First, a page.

Intravenous therapy (IV therapy) is the infusion of liquid substances directly into a vein through what is referred to as an IV Bag. It is commonly referred to as a drip because many systems of administration use a drip chamber, which prevents air from entering the blood stream, and allows an estimation of flow rate.

           Intravenous therapy may be used to correct electrolyte imbalances, to deliver medications, for blood transfusions or as fluid replacement to correct, for example, dehydration. Compared with other routes of administration, the intravenous route is the fastest way to deliver fluids and medications throughout the body and relies on the body's natural homeostatic processes to deliver sufficient amounts of the items being administered in the IV bag. 

 Section Instructional Sequence:

        In this section of the lesson, my goal is to provide students with a challenge that they can use to a) personally relate to and b) utilize to review and strengthen their content knowledge of cellular transport processes on. This activity proceeds as follows:

a) Provide each student pair with a membrane kit and read item 4 on the IV worksheet aloud to the class. Address any questions students may have and give them at least 40 minutes to complete the tasks at hand. Circulate and edify any problems that students may experience. 

Standards Covered: 

SP2- Developing and Using Models.

HS-LS13: Plan and conduct an investigation to provide evidence that feedback mechanisms maintain homeostasis.

Explain

15 minutes

Section Instructional Sequence:

        In this section of the lesson, my goal is to encourage students to reflect on their modeling experiences and attempt to explain processes simulated in their modeling exercises. This activity proceeds as follows:

a) Bring students attention the top of page two and read the instructions as it relates to students' modeling activity. Give students 6-7 minutes to complete this task. Allow at least one student pair to share out on their illustrations and explanations.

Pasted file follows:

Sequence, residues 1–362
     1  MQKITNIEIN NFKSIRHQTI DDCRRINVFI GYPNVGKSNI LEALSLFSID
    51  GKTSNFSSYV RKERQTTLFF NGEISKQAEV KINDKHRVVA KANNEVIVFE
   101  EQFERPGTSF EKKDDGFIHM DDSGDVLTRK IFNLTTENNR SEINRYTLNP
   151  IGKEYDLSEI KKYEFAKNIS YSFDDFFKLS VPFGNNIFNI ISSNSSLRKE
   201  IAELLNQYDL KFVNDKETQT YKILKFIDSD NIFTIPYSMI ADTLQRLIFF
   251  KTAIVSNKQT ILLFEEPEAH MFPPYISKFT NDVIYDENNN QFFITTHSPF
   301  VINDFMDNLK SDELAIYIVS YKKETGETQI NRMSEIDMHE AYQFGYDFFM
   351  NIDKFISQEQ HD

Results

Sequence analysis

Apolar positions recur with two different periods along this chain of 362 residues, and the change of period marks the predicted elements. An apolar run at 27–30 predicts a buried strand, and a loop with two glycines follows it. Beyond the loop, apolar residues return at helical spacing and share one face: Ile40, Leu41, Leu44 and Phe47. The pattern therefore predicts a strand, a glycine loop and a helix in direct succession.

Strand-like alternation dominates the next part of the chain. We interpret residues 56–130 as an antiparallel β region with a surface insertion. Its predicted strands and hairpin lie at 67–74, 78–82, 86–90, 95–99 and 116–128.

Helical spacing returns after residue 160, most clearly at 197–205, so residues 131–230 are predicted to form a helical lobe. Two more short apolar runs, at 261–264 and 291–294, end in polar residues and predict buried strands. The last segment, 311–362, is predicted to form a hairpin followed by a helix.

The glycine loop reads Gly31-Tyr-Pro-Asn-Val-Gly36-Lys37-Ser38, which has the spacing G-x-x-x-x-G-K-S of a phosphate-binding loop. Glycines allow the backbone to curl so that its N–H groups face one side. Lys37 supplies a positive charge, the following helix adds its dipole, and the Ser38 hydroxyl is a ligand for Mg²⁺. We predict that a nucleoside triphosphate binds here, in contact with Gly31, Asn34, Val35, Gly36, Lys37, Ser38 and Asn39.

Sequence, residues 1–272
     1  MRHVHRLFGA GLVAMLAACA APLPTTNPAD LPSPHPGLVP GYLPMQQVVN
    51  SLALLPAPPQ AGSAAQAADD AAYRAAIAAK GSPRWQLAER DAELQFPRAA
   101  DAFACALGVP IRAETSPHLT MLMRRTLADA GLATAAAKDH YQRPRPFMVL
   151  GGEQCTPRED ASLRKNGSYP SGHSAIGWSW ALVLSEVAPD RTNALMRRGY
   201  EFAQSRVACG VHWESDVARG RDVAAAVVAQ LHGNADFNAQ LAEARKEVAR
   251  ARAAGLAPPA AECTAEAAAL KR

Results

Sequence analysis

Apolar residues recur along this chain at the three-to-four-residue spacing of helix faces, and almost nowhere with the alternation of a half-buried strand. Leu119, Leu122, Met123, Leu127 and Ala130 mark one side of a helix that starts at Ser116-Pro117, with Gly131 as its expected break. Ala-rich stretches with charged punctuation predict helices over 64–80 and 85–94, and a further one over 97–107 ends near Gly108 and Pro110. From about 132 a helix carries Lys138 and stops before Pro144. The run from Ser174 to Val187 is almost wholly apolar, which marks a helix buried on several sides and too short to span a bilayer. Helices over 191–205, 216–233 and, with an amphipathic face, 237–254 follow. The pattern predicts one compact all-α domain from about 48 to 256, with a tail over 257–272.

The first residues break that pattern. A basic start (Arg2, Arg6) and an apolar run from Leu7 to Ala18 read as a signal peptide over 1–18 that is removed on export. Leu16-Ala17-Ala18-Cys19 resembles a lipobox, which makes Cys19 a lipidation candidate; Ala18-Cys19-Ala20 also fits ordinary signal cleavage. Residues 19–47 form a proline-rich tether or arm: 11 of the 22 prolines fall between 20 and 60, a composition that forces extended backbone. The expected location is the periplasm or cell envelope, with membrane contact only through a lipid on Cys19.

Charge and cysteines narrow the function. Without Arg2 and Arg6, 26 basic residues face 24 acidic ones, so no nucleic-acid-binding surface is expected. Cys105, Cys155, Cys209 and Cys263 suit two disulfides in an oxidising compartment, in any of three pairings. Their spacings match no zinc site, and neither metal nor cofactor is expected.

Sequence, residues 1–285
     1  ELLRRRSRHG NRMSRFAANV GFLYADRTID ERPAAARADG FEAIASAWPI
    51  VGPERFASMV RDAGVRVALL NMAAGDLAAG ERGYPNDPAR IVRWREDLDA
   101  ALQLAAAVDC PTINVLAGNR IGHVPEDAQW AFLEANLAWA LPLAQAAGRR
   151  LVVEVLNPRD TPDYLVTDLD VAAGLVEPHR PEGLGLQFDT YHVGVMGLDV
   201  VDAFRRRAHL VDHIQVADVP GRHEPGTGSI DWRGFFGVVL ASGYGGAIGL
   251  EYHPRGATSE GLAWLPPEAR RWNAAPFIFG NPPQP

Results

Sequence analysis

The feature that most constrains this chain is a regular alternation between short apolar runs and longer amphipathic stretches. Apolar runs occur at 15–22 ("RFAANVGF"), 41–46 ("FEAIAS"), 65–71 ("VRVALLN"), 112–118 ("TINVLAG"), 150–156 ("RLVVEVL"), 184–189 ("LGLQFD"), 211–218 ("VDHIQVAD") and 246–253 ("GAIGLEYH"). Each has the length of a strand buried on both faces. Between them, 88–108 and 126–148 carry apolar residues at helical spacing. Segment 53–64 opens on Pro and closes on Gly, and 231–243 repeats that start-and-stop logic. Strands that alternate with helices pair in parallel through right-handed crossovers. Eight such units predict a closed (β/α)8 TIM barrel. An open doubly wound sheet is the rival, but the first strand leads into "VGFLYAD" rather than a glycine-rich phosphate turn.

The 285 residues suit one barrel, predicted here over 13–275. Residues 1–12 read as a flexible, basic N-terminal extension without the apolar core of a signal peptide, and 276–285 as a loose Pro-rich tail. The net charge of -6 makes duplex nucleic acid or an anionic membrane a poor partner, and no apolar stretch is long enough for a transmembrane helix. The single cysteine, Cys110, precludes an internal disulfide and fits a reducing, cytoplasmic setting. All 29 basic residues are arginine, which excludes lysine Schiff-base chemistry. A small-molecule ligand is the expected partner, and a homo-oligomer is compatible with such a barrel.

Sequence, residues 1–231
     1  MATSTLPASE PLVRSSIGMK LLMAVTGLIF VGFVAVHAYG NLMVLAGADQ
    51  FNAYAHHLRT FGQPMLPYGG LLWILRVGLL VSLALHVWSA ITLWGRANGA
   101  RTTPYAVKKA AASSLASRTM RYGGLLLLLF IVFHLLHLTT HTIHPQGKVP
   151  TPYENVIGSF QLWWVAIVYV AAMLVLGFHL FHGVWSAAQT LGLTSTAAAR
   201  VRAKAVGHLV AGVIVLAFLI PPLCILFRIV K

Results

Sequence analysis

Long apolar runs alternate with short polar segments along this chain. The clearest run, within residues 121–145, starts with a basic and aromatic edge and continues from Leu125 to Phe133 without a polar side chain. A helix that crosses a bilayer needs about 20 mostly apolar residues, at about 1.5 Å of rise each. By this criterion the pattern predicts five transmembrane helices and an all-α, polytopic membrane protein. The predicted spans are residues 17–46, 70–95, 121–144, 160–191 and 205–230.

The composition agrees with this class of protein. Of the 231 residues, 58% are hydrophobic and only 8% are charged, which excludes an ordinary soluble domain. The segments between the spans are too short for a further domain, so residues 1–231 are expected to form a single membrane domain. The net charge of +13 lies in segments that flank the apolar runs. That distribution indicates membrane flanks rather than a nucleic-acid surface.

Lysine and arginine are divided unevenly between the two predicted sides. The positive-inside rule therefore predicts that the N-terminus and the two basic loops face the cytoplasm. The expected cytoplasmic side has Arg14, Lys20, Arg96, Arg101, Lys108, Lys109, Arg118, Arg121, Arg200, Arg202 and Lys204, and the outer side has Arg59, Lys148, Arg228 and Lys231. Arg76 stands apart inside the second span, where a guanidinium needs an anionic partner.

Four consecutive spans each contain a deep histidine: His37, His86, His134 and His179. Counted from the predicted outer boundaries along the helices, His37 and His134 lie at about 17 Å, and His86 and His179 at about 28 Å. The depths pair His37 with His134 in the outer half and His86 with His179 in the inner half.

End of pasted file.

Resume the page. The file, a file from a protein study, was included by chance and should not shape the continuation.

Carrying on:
Standards Covered:

SP2- Developing and Using Models.

HS-LS13: Plan and conduct an investigation to provide evidence that feedback mechanisms maintain homeostasis.

 

Extend

15 minutes

Section Instructional Sequence:

        In this section of the lesson, my goal is to  have students explain, why sports drinks are also ideal for curing problems that occur from dehydration. This activity proceeds as follows:

a) State: "It is been said that sports drinks like Gatorade are said to be great treatments for dehydration problems as well." Probe students for their understanding of this fact. 

b) Instruct students to research the constituents of Gatorade using their BYOT or bring your own technologies and discuss their findings with their partners. Further encourage students to share these discoveries out to the class and inductively develop as a group an explanation of why sports drinks are effective agents to relieve hangovers and dehydration. Discuss as a class. 

HS-LS13: Plan and conduct an investigation to provide evidence that feedback mechanisms maintain homeostasis. 

 

Evaluate

10 minutes

Section Instructional Sequence:

        In this section of the lesson, my goal is to evaluate students experiences in the lesson. This activity proceeds as follows:

a) Direct students attention to item 5 (a-e) on their worksheet and instruct them to independently complete the questions and submit as an exit ticket.